Prions & vCJD

Prions are “infectious protein particles” that, unlike other infectious microbes, contain no genes (DNA) only protein.

Prions Disease

Prions cause a group of rare, debilitating and always fatal degenerative brain diseases called Transmissible Spongiform Encephalopathies (TSEs).

TSEs have a long asymptomatic incubation period lasting 10-40 years. The commonest TSE is the sporadic form of Creutzfeldt-Jakob disease (CJD).

There are 80-90 new cases per year in the UK. 

The Link Between vCJD and Mad Cow Disease

The most notorious of the TSEs is vCJD or “BSE- Mad Cow Disease” caused by farmers feeding sheep infected with the prion disease Scrapie to cattle.

vCJD differs clinically from sporadic CJD in that it affects younger people (median age of death of 28), has a shorter incubation period, with prominent early psychiatric symptoms.

In the UK, vCJD was first diagnosed in humans in 1996, and was linked to the consumption of meat products infected with Bovine Spongiform Encephalopathy (BSE).

The millennium saw the highest number of diagnosed cases but since then the number of new clinical cases has been gradually declining.  As the epidemic of BSE in cattle has been controlled, scientists suggested that any successive waves of infection are likely to arise not from eating infected beef but from person-to-person spread via inadequately decontaminated medical and dental instruments.

In 2013 the total number of cases of vCJD reported in the UK was 174 all of whom are now deceased. But vCJD is not likely to disappear for a number of years as one in 2000 of the UK population are estimated to be infectious carriers of vCJD.

Most carriers will probably not develop clinical disease.

Distribution of Prions in the Body

CJD and vCJD infectious prion proteins comprise of an abnormal pathogenic form of a normal human cell surface protein known as PrP.

They enter the body through inoculation or direct contact with oral tissues and the gut.

Prions are not uniformly distributed in the body of infected individuals. Brain and central nervous tissue (including the retina) pose the highest risk, lymphoid tissues such as the tonsils, cornea and dura mater are medium risk and most other body fluids and tissues have a low or negligible risk.

Routes of Spread of Prions and Endodontic Instruments

Normal social or routine clinical contact with a prion disease carrier does not represent a risk to the dental team.  However, hospital acquired cases of CJD have been associated with the administration of hormones prepared from human pituitary glands, dura mater grafts, corneal graft and  inadequately decontaminated neurosurgical instruments.

Four cases arose from blood transfusions and 1 case from plasma products donated by people who appeared healthy at the time of donation, but later died of vCJD. 

Prions were isolated from the trigeminal ganglion and tonsils from vCJD patients at post mortem and in animals infected with vCJD from the dental pulp and gingivae.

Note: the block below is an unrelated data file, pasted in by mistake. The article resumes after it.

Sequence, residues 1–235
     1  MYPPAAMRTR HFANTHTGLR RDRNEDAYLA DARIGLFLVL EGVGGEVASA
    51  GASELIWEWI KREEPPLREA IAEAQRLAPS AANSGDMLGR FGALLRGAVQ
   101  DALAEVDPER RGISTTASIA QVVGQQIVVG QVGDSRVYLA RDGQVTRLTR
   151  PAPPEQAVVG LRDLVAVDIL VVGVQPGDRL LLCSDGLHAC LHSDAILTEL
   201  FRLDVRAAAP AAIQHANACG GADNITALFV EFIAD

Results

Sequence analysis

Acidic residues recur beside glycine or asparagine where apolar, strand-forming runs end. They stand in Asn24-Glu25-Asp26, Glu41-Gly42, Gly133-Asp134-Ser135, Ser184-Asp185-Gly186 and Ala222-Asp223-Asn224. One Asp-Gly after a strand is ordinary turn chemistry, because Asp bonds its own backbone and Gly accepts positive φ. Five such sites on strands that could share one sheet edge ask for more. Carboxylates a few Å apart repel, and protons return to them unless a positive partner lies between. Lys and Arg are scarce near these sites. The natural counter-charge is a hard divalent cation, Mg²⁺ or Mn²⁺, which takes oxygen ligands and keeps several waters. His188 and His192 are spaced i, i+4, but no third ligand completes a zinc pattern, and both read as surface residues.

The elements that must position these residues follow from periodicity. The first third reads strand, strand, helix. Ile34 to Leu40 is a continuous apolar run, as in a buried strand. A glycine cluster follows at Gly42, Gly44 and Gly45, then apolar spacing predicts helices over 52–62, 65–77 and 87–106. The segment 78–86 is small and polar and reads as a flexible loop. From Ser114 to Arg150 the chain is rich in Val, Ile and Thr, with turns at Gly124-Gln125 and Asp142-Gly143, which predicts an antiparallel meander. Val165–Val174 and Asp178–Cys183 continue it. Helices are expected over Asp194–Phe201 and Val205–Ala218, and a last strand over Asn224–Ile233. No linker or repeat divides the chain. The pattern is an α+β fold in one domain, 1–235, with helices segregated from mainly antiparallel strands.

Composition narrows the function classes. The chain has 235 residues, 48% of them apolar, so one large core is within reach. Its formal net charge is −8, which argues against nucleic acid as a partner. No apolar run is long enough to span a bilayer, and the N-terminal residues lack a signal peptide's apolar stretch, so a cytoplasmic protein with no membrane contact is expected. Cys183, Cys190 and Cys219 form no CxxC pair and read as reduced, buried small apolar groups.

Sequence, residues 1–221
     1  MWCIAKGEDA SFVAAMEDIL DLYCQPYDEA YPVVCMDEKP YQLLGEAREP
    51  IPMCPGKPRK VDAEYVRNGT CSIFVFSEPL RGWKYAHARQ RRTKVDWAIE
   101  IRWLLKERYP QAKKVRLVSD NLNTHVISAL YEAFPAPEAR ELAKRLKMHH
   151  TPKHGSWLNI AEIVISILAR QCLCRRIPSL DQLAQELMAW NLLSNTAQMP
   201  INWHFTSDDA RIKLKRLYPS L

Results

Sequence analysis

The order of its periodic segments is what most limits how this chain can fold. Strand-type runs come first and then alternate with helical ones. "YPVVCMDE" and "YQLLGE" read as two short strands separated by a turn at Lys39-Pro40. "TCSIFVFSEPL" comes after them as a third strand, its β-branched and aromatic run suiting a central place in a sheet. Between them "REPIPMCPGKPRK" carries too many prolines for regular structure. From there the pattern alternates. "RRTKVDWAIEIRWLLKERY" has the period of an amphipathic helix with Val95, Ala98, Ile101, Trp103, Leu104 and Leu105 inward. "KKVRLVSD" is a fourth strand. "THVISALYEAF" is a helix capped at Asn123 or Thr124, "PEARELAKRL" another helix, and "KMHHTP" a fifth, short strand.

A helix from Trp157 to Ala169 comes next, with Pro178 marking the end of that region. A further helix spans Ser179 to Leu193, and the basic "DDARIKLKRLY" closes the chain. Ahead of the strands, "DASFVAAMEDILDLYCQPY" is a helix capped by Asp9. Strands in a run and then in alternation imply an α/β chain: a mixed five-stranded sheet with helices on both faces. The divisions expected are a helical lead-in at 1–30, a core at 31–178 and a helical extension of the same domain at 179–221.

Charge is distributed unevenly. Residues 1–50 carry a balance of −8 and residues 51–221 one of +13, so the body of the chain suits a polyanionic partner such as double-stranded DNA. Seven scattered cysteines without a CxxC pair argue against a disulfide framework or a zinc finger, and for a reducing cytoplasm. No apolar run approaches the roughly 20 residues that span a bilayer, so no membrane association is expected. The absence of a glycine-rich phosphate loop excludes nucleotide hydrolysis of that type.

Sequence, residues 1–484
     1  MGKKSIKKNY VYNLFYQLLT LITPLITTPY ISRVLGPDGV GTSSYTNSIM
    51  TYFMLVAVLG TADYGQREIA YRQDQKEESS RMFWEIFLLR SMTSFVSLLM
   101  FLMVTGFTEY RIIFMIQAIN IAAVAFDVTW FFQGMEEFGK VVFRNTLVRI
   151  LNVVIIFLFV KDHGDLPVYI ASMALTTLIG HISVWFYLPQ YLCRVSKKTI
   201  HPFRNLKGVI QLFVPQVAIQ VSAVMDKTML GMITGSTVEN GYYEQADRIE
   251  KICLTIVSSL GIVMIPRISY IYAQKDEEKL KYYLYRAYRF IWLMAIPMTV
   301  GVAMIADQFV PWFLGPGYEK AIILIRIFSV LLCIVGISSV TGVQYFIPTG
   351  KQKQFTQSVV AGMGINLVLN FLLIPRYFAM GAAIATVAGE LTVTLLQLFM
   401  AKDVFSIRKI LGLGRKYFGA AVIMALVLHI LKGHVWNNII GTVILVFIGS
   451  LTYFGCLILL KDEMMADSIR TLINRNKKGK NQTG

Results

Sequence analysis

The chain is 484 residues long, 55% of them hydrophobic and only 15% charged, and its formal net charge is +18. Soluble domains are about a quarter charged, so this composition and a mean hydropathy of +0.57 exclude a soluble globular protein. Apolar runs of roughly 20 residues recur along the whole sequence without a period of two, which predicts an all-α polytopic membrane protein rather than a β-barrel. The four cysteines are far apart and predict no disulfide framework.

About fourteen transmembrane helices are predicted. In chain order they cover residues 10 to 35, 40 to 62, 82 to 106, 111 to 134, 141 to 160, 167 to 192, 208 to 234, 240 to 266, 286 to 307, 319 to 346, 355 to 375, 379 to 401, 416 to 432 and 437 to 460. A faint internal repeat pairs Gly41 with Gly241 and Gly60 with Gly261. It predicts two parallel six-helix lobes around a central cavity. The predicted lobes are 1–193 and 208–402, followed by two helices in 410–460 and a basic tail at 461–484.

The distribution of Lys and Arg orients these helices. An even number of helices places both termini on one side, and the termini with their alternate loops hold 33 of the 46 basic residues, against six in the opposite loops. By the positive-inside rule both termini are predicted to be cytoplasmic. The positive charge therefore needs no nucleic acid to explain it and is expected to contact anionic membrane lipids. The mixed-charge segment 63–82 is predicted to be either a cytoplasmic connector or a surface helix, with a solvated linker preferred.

For this reason the HTM 01-05 restricts endodontic files and reamers to single use only, thereby eliminating these instruments as a route of transmission of vCJD. Endodontic instruments that are designated as SINGLE USE ONLY must not be reused, even on the same patient.

Endodontic equipment designated by the manufacturer as reusable can be decontaminated.  However, they can only be used on the same patient for the duration of a single course of treatment, for example multi-visit root canal treatment, and then must be disposed of as hazardous infectious sharps waste.

Management of Carriers of vCJD/CJD

Over 6,000 potentially infected carriers have been notified that they pose an increased public health risk to other people.

Such people can be treated in the same way as any member of the general public, for example their used dental instruments are decontaminated according to the essential quality requirements of HTM 01-05.

If the patient requires a referral for oral or maxillofacial surgery, then the surgeon should be informed of the patient’s status in the referral letter.

Instruments used during their surgery are quarantined until a definite diagnosis of vCJD or CJD is made, and then if positive, re-used exclusively on the same patient or destroyed by incineration.

It is recommended by the Department of Health that all patients about to undergo any type of surgery should be asked when taking a medical history “Have you ever been notified that you are at increased risk of CJD or vCJD for public health purposes?”

Prions and Decontamination

Prions bind strongly to stainless steel instruments.

Alcohol based disinfectant and chlorhexidine fix prion proteins onto the surface of instruments further preventing their removal and destruction.

Sterilisation is effective in killing and destroying bacteria and viruses, thereby reducing prion infectivity, but cannot reliably destroy and remove vCJD from contaminated instruments.

Therefore, effective cleaning is the most important step in the HTM 01-05 decontamination cycle as it removes prions from the surface of the instrument.